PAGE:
Ask Allison: 'I love my mother, but she is so negative I can't bear it'
Q As I get older, I find it increasingly hard to tolerate negativity in others. My mother, in particular, is a very negative woman whose first reaction to anything is mockery or contempt. She was always like this, but now that I am approaching 50 I find it so hard to take.
I love my mother, and deep down she is a lovely person, and I believe the negativity is a bad habit more than a default setting in her personality if that makes sense. I find it so hard to talk to her or be around her and it’s making me feel bad. Why is this happening now and what do you suggest I do?
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Allison replies: I’m really sorry to hear how bad this is making you feel. It’s indicative of the problem you have with your mother, in that, you are the one owning the consequences of her negativity. Whether being negative is part of her personality, character or just a bad habit is irrelevant as it affects you. I won’t add insult to injury by asking you to ignore her behaviour or to think of some vacuous positivity to ‘overcome’ this.
What you are dealing with here, is a lifetime of being on the receiving end of chronic negativity. The implications of which create deep emotional wounds of personal self-doubt as you absorb the toxicity that is contempt and mockery. I imagine you may battle against the negativity in her presence, a truly exhausting experience, but I wonder if you find your mood deflated when you arrive back home? If this is the case then you need to value the relationship with yourself, your time and energy.
Each decade brings a chance of a re-birth, where you question what brings you joy and time helps you clearly see what doesn’t.
A question to ask is ‘does the relationship with my mum bring me joy?’ Of course, I don’t think relationships can or should be joyful all of the time. But, they need to bring joy ‘some’ of the time. When did your mum praise you, wholeheartedly, with no side notes of how ‘it could have been better’? When did you feel fully heard, seen and understood without any contemptuous judgment? When do you feel safe sharing important stories of your day or life with your mum?
I know that these are incredibly hard questions to ask, and the answers may prove more painful. However, staying as you are, is equally if not more painful as the wounds keep coming. Emotional contagion impacts and impacts fast. Think of the last important thing you shared with your mum. Perhaps, beforehand you felt excited to share your news, but then the prickly sour thought crept in, warning you not to tell her ‘you know she will pick at it’ and yet your inner child still looks for that connection to your mum.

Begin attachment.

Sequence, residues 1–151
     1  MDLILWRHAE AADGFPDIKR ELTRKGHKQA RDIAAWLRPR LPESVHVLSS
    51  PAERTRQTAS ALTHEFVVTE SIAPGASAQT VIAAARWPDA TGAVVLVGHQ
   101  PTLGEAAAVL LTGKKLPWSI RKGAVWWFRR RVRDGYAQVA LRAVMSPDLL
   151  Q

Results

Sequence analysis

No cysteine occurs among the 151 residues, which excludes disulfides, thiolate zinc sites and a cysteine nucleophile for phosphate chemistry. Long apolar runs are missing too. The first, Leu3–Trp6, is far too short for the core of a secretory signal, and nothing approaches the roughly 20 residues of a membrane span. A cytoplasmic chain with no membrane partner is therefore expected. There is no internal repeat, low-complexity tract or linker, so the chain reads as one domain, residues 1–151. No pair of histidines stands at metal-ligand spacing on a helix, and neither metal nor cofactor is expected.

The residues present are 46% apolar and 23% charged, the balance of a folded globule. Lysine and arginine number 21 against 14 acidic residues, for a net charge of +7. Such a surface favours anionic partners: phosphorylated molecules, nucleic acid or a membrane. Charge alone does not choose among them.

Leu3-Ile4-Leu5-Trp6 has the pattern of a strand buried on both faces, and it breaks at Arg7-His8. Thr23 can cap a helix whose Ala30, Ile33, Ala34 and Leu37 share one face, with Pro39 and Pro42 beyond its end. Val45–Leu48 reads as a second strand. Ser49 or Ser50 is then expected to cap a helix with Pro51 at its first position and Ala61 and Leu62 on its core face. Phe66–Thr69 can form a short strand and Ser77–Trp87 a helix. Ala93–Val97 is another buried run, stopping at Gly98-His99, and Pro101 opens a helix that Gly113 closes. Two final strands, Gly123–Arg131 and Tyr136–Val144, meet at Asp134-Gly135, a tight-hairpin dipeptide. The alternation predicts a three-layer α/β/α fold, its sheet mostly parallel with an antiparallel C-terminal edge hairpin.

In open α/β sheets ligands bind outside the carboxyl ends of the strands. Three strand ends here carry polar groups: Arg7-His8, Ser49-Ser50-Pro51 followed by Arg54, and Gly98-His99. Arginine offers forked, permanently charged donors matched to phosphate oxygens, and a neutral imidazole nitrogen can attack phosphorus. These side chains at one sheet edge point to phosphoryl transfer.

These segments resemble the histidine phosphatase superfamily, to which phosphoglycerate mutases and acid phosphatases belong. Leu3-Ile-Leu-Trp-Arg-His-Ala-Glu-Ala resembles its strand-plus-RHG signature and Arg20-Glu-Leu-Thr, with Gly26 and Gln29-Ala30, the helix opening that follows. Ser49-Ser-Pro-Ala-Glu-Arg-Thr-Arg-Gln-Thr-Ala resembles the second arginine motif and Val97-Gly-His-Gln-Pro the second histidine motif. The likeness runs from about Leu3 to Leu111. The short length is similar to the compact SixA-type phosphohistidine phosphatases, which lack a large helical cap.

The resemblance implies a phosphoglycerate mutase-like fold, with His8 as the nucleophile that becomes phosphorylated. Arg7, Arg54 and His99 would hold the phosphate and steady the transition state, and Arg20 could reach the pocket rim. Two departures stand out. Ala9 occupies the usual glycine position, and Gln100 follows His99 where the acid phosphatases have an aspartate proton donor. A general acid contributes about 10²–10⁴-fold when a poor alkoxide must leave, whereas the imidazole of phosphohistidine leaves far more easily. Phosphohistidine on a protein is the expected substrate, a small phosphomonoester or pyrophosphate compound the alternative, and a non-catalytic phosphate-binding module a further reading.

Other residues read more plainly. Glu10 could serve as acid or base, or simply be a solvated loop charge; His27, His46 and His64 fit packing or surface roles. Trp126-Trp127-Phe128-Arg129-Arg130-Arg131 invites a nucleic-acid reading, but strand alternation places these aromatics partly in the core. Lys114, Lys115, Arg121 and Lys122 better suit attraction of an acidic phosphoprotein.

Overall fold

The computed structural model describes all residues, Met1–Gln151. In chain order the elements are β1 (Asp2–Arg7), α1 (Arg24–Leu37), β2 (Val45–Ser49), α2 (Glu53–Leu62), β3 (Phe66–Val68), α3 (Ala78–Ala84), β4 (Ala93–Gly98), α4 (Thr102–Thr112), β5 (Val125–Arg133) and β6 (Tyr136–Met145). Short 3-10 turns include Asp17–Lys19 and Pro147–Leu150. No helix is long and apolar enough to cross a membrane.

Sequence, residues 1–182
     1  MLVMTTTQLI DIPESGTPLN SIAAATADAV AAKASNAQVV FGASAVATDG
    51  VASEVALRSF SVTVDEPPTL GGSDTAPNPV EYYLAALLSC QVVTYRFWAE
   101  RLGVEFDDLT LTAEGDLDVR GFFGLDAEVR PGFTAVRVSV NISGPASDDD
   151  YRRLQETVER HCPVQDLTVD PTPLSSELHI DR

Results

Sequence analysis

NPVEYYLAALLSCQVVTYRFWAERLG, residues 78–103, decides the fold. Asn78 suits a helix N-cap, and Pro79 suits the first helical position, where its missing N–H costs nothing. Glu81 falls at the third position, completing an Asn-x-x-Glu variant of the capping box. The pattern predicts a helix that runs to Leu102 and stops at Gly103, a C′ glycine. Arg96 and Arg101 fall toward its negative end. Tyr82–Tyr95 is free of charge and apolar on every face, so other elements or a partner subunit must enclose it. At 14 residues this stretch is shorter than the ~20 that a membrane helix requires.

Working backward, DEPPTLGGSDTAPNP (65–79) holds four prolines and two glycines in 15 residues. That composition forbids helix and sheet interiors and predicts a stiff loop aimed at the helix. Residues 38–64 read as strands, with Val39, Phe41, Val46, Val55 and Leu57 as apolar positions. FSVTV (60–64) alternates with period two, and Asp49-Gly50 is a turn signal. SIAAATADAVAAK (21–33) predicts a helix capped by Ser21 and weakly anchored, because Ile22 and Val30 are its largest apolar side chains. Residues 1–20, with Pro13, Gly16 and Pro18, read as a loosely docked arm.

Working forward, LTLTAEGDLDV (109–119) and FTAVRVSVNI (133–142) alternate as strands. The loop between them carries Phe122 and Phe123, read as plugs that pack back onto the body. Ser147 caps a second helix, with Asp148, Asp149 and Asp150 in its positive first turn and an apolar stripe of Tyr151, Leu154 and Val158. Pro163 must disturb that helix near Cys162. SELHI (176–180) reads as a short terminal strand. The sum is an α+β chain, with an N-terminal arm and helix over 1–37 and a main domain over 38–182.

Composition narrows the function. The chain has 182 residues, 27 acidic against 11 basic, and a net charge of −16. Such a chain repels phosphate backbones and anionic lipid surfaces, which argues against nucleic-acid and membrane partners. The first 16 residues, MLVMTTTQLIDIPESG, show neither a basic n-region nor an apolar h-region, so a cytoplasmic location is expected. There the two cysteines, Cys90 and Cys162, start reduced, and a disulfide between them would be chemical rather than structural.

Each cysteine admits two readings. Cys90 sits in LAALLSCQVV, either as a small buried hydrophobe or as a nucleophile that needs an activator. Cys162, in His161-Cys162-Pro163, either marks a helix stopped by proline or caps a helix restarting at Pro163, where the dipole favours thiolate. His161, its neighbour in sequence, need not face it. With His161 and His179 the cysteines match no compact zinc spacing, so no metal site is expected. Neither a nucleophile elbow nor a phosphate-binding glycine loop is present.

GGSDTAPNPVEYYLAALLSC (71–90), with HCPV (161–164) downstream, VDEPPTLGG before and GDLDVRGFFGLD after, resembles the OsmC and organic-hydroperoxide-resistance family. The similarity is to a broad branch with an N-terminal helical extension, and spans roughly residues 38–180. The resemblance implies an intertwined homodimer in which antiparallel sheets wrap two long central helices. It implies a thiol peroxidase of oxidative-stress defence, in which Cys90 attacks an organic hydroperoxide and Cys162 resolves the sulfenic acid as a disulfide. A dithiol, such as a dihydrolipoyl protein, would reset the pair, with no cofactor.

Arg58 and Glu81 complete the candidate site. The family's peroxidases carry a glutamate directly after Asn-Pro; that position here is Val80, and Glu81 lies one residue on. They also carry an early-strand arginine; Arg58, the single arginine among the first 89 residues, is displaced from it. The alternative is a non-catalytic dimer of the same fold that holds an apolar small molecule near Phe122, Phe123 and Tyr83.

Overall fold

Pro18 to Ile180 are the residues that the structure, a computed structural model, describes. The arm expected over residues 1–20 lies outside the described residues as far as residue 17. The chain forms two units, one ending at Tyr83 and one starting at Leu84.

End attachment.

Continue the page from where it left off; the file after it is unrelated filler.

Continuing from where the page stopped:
That is natural and normal, but ultimately not helpful for you anymore. As you look for that re-assurance and attachment to this pivotal figure in your life. This is why the idea of pulling away is so incredibly painful and scary.
Maybe, this birthday is bringing to light how long you have endured this negativity. Maybe, as you hit the half-way line you want to claim back some mental and emotional space for yourself. Your growing intolerance of being around her is your body’s way of saying ‘enough’.
You have to create, express and maintain your new boundary of what you will and won’t accept. By the way, your mother probably won’t like this one bit, but that’s for you to work on accepting her as she is, and to grieve the loss of the mother you needed and wanted. These are the wounds you need to attend to.
Being an adult is hard, you never grow out of the need for your mother’s love. This is where you have to practice acceptance of how people are and not how you would like them to be.
When you know from hard earned experience how she will respond before you tell her what we have is a pattern. A destructive pattern, but what is helpful, is that you know the response you will get. With this knowledge in mind, grant yourself permission to set-up boundaries. Where you begin and your mum ends.
A few options to choose from:
⬤Express how the negativity affects you.
Sometimes, people don’t see how their words or behaviour impacts others.
(Caveat: sometimes this is not a viable option if you know that this will result in anger/rage).
⬤Accept your mum as she is.
⬤Accept that you can’t change her
⬤Grieve the loss of the mum you would have liked to have had.
⬤Decide on time or topic limits.
⬤Do you find the phone easier?
⬤People can choose to disconnect from a parent. If the relationship is harmful or dysfunctional this is an option you could discuss with a therapist.
If you have a query, email Allison in confidence at [email protected]
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